William Nylander, Jeremy Swayman, Maple Leafs vs. Bruins
Photo Credit: Nick Turchiaro-USA TODAY
William Nylander
2023-24 Production40 goals and 98 points in 82 games (19:55 per game)
5v5 Results50.51 CF% | 51.45 xGF% | 57 goals for, 58 goals against
Contract StatusEight years remaining at $11.5 million AAV (NMC)

It was quite the 2023-24 season overall for Nylander, and sorting through it is an exercise in and of itself.

Nylander bet on himself, set a career-high in points, and landed a massive eight-year contract. He was saddled with an in-decline John Tavares for much of the season and spent a nearly month-long stretch centered by Max Domi, who is not exactly strong defensively. Nylander also played on the penalty kill for the first time in his career and acquitted himself well. As usual, he was the player moved around when lineup questions arose, regardless of his performance.

Specifically, Nylander played well alongside John Tavares and Bobby McMann in Marner’s absence, but he was moved down to play with Pontus Holmberg as his center for seemingly no on-ice reason. Nylander did his job without complaint, and we’re somehow at a point with this team where that sort of thing is commendable. 

It was a hot start to the season for Nylander, as he racked up 48 points in 34 games through the first three months of the season. The Bertuzzi – Tavares – Nylander line was easily the Leafs’ best to start the season and indeed carried them for long stretches, with Nylander driving the trio offensively. When the Leafs went on their trip to Sweden, Nylander was a superstar, scoring multiple big goals in his home country as the Leafs swept the trip. By early January, Nylander had agreed to his massive 8-year, $92 million contract. 

The Bertuzzi – Tavares – Nylander line played over 365 minutes together, outscored opponents 16-12, and posted a 54CF% along with a 58.4xGF%. However, Bertuzzi wasn’t producing, the team was middling, and the other lines were struggling. As such, we started to see some experimentation from Sheldon Keefe.

First, Matthew Knies was shifted to the Tavares-Nylander line, and Bertuzzi moved up. The original line was then reunited, but Rielly was suspended, players fell sick, and the lines were moved around. Nylander joined Bertuzzi and Max Domi on a line that scored but was otherwise outplayed and struggled to exit their zone.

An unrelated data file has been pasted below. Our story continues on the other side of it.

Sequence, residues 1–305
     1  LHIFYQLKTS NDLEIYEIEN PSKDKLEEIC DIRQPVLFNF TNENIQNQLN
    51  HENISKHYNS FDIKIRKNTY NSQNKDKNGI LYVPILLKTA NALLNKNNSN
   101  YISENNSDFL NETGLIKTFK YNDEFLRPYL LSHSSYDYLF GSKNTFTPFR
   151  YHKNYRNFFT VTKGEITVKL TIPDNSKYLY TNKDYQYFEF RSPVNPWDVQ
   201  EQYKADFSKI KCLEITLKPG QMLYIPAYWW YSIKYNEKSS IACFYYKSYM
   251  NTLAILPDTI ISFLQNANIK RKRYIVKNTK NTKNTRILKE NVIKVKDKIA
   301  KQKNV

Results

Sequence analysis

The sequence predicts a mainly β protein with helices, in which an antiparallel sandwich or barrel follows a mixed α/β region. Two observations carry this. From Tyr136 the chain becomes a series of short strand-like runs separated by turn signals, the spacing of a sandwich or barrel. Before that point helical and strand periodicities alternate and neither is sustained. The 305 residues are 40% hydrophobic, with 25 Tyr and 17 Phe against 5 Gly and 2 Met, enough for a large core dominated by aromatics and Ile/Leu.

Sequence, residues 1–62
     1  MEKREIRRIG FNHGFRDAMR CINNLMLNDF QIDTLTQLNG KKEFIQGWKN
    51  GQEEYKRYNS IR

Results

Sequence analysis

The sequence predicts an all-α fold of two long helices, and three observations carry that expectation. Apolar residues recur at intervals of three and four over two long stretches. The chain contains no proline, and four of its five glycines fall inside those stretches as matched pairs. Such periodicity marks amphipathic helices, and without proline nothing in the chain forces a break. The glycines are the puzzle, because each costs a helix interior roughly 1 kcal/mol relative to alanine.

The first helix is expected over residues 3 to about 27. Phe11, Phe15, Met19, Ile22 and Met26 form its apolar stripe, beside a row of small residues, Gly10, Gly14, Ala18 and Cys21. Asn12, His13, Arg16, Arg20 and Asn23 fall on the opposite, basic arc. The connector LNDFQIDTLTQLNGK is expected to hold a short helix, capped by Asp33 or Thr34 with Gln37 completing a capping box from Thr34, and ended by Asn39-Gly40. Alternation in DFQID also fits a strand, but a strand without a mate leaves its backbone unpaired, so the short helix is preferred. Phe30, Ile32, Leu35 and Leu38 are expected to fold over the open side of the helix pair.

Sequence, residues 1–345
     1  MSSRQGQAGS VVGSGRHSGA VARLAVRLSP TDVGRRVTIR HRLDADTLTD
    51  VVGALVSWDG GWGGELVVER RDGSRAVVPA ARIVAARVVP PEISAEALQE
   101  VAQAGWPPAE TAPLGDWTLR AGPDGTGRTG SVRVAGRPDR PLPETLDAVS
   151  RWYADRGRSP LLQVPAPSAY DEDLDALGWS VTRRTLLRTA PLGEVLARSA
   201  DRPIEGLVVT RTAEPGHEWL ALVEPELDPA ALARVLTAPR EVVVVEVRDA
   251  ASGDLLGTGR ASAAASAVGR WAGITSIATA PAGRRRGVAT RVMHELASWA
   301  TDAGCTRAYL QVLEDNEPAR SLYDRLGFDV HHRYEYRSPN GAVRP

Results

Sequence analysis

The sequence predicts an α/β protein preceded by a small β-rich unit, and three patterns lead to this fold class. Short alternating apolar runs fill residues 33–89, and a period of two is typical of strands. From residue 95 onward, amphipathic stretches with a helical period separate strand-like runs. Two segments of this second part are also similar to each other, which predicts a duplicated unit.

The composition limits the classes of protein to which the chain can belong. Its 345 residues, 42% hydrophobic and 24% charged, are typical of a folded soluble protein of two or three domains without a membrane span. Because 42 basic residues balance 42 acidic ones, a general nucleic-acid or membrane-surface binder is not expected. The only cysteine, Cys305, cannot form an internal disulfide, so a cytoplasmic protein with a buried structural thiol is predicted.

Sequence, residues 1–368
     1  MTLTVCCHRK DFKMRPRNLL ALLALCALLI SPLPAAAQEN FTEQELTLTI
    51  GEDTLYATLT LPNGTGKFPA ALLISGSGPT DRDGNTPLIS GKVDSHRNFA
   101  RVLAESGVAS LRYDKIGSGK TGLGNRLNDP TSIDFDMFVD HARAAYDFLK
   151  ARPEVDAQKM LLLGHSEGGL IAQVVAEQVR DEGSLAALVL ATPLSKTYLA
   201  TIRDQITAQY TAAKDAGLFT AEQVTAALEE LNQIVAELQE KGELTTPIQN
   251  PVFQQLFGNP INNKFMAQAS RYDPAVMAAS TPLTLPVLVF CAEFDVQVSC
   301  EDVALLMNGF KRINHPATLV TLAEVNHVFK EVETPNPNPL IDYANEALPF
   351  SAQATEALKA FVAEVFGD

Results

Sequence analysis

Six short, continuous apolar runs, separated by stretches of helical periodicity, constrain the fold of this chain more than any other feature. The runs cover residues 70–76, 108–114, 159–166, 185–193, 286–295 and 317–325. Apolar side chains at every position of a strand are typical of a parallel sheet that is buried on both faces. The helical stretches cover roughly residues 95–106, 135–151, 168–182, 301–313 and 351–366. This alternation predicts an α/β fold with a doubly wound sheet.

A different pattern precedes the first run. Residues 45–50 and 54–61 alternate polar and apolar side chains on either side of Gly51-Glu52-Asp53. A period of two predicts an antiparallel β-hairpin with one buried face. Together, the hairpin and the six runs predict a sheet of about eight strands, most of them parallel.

Production-wise, February was Nylander’s best month with 21 points, second most in the league in the month, as the team boasted a record-setting power play month led by Nylander’s nine points. Marner hurt his ankle, Bertuzzi moved up with Matthews, and Nylander reunited with John Tavares with McMann on their left side. The trio played 75 minutes together, outscored opponents 6-2, owned 52% of the shot attempts and posted an xGF% of 59.76. 

When Marner returned, he took Nylander’s spot (for some reason), and Nylander dropped down to a line with Pontus Holmberg while Keefe awkwardly tried to move Nylander up to play with Tavares and Marner in spot duty. April was easily Nylander’s worst month, with just three assists in nine games. 

On the flip side of his overall offensive production, Nylander posted the second-worst 5v5 possession and expected goals numbers of his career. He was also outscored at 5v5 for the second time in three seasons. While some of this is not entirely his doing (note his linemates above), he is not entirely absolved of blame, either.

Nylander routinely blows the zone looking for offense, and while it can be effective for a quick-strike threat – the Leafs were second in the league in goals per game, and he was a big reason why – it can also cause all sorts of problems the other way. An Alex Lafreniere goal in March stands out; Nylander was benched for the remainder of the period. The offense is great – and so are the total numbers – but he can’t be outscored at 5v5, especially now that he is about to make $11.5 million. 

There are clearly working combinations available where Nylander can be the driving force offensively on a line that controls the play and scoring chances. He did it with McMann and Tavares, and both players are under contract and expected back next season. If Brad Treliving can bring back Bertuzzi, it would also make sense to give the Bertuzzi – Tavares – Nylander trio another look at some point, knowing they worked well together. 

The Leafs are clearly committed to Nylander, and it’s clear why — he is a true gamebreaker. He has shown it in the playoffs and did it again in Game 6 and Game 7 this spring. He thrives in the Toronto market – which is no small consideration – as the noise does not bother him at all. 

Nylander has arrived offensively, setting career highs in points in three straight seasons and scoring 40 goals in back-to-back seasons. But he can’t be outscored at 5v5 next season, and while his linemates were part of the weak possession results, the reality of a $11.5 million paycheque is that the buck ultimately stops with him.

Next up in the Offseason Evaluations series: Mitch Marner & John Tavares